|Many ancient buildings and residents' old houses, whose doors, windows, pillars, beams and walls are decorated with magnificent, colorful paintings. Given their high practical and decorative value, the paintings represent the treasures of China's folk art. [Tuchong]|
If you visit Jieyang, a city in South China's Guangdong Province, you will surely be impressed by the many ancient buildings and residents' old houses, whose doors, windows, pillars, beams and walls are decorated with magnificent, colorful paintings. Given their high practical and decorative value, the paintings represent the treasures of China's folk art. In 2013, Guangdong added Jieyang's craft of creating colorful paintings (used to decorate buildings and furniture) to the list of the province's items of intangible cultural heritage.
During the Spring and Autumn Period (770-476 BC), Jieyang's craftspeople began creating colorful paintings to decorate residents' wooden houses. While creating the paintings, various skills, including those used to make traditional Chinese sculptures and lacquer paintings, are applied. The craft entered its golden age during the Ming (1368-1644) and Qing (1644-1911) dynasties.
During the dynasties, refined paintings were used not only in the imperial palaces, to display wealth and power, but also in common people's houses, to add beauty to the buildings.
Most of the historical buildings, which stand in Jieyang, were built during the Ming and Qing dynasties. Craftspeople used paint to create colorful paintings (used to decorate the buildings), so the artworks could withstand wind and rain. If you take time to observe the paintings' various patterns (including figures, animals, plants, flowers, and/or scenes), you will surely be impressed by the craftspeople's ingenious designs and superb workmanship. Through the exquisite works of art, which embody Jieyang's distinct cultural features, one may get a glimpse into the residents' aesthetic tastes. The paintings also embody the residents' desire to enjoy happiness, high rank and longevity.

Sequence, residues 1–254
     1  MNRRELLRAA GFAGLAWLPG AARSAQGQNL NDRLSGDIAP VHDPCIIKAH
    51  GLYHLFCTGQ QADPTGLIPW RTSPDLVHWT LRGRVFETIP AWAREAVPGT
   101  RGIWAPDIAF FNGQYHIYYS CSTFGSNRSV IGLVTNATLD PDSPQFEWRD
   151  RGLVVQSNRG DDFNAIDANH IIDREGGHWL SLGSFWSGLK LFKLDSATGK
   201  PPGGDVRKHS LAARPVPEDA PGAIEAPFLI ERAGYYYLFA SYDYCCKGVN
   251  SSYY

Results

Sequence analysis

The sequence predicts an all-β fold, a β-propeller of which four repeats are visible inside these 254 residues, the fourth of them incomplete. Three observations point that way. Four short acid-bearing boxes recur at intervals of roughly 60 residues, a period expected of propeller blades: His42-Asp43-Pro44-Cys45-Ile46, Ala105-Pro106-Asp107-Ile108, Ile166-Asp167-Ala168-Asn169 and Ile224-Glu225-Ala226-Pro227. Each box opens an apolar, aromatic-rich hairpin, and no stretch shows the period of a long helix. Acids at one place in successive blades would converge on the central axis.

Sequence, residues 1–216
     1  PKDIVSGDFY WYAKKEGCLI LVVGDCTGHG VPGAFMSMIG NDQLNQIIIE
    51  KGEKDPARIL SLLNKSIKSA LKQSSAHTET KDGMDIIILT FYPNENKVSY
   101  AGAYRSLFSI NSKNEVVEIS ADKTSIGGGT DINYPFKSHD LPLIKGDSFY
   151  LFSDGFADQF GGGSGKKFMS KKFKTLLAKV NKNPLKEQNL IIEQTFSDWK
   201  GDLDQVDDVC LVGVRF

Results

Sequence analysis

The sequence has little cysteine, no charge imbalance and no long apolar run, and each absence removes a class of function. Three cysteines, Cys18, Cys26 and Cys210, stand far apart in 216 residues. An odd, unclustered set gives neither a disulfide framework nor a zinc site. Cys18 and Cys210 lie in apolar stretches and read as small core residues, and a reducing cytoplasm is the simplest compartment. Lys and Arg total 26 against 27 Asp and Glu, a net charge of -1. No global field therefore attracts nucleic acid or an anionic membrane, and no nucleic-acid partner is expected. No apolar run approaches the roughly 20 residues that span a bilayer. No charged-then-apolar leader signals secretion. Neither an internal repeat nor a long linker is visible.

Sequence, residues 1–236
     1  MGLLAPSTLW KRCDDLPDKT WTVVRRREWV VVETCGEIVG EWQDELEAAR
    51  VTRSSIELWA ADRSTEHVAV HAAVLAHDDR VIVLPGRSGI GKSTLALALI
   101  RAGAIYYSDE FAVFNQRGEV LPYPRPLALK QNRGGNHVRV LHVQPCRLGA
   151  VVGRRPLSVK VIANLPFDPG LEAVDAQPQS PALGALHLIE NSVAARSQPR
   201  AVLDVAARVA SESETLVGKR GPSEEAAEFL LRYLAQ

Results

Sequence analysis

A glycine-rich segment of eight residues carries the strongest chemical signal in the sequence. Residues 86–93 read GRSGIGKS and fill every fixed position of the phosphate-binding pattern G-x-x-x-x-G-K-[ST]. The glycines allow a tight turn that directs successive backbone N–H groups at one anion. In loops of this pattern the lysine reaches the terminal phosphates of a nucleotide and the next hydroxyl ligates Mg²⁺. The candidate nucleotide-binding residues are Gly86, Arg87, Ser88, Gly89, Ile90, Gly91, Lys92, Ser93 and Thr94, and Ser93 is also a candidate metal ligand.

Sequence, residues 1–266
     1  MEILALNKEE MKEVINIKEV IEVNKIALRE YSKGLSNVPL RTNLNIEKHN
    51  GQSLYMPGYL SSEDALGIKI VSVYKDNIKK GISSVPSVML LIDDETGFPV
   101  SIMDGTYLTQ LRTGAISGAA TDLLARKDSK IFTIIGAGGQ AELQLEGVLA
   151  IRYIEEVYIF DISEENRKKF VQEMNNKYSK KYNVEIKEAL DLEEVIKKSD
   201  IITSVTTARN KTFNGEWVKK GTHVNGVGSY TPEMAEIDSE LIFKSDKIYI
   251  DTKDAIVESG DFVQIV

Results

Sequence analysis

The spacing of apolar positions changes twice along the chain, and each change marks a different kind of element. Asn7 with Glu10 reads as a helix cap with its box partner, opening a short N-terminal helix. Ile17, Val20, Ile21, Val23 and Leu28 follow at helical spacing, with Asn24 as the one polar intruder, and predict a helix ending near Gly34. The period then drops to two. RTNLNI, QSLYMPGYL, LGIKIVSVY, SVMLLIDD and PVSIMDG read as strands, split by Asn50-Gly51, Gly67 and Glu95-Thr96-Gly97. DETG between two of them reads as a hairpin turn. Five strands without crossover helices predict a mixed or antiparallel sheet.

Huang Ruilin, who was born into a family of craftspeople in Jieyang, in 1959, is a provincial -level inheritor of the craft of creating colorful paintings (used to decorate buildings and furniture). Huang often recalls his experiences in creating the paintings during the past several decades. "Influenced by my father, I developed an interest in painting during my early childhood. When I was a little boy, I began learning how to paint under my father," says Huang.
Given his diligence and wisdom, Huang quickly honed his skills. Absorbing the advantages of other craftspeople's paintings, Huang, a bright and talented man, gradually developed his own artistic style. Given his constant efforts to improve his painting skills during the past 30-plus years, Huang has become one of the few great painters in Jieyang. The National Architecture Institute of China in 2009 named Huang one of China's masters of creating colorful paintings (used to decorate buildings and furniture). Guangdong's Department of Housing and Urban-Rural Development in 2016 named him one of the province's top craftspeople of traditional architecture.
During the past several decades, Huang has put a lot of effort into inheriting and innovating the craft-making skills, to display the charm of the paintings to the world. He is pleased that Huang Zeping, his son, has followed in his footsteps and mastered the painting skills. Huang Ruilin and Huang Zeping often discuss how to create paintings with "vigorous vitality," by integrating modern artistic elements in the designs of their paintings.
(Women of China English Monthly October 2019 issue)
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